I have a midlet that is extensively connecting to the network and data is being sent and received. Instead of establishing a network connection for every request, I was thinking of reusing a connection.
By reusing I mean that I create a connection and then I don�t close it. I keep it alive till the user exits. Using one connection I should be able to send/receive data multiple times.
I did try this out. But I get the following message when the request is being sent for the second time: Write attempted after request finished.
Thanks Mark. Is KEEP_ALIVE a property ? And where do I set it.I did not find anything in the API.
Joined: Sep 13, 2003
I once tried to do that with HttpConnection and I didn't succeed even if I set connection type to keep-alive (httpConnection.setProperty("Connection-Type", "keep-alive"). What I noticed was that the data was not sent to the server until I call HttpConnection.getResponse() or HttpConnection.openInputStream() and once I call any of those I can't write data anymore. It looks like HttpConnection is made to work in request/response type of communication.. This probably depends on the specific phone too (its KVM) - I was working with Motorola i85 then.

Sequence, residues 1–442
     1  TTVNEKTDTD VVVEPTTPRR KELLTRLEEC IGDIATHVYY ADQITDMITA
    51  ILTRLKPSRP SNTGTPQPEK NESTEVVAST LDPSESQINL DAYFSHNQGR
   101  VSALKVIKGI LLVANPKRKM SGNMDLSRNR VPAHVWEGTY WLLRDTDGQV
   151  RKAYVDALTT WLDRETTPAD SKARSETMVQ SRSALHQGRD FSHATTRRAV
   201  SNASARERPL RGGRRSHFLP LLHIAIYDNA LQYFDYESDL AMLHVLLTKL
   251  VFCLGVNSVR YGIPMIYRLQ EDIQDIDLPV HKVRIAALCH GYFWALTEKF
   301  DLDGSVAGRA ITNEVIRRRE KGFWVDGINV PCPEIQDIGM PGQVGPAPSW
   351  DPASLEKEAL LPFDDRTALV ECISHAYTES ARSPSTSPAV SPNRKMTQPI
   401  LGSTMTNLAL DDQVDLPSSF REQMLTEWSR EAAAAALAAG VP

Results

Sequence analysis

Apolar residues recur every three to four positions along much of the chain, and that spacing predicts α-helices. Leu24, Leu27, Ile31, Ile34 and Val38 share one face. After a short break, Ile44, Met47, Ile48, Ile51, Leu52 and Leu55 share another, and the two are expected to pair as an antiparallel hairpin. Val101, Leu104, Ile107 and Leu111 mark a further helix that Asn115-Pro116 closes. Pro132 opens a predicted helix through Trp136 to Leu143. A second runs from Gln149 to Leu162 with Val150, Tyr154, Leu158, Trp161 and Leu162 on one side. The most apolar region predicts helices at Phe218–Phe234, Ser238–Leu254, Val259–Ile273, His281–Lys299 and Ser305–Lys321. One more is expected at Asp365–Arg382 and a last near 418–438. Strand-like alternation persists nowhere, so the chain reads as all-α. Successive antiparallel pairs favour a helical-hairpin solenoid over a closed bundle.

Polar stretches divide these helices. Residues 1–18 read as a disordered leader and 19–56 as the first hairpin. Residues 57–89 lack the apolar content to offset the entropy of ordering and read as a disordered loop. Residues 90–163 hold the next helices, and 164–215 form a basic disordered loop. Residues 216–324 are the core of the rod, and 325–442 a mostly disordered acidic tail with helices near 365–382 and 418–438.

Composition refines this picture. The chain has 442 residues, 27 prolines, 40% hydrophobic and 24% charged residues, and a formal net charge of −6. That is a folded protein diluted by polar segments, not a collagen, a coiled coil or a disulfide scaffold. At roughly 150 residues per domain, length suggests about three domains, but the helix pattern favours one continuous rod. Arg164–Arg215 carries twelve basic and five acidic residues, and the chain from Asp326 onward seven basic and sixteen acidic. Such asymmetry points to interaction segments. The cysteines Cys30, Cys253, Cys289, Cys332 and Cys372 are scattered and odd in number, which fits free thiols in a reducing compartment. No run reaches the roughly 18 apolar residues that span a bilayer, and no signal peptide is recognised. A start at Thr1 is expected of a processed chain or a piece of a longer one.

With SocketConnection that works without problem, but you either have to implement HTTP by yourself on the client, or write a custom TCP/IP server.
Joined: Nov 16, 1999
Found the following replies to a similar question on Sun's discussion forum:
You have to open a new connection for every new HTTP request. Since HTTP is strongly request-response based, you cant write anything to the output stream after you have opened the input stream (wrote request, read response and finish).
You cant reuse the existing connection in HTTP. Of course a socket connection can do this ;-)
The HttpConnection object is a "use and throw" object. It works for one sending of the HTTP request, and then receiving the response. That is why once you've opened the input stream you can't write to the output stream. It's already been flushed and closed. But the phone will keep your GPRS connection open. So you can send more requests without the need to to reopen the GPRS link.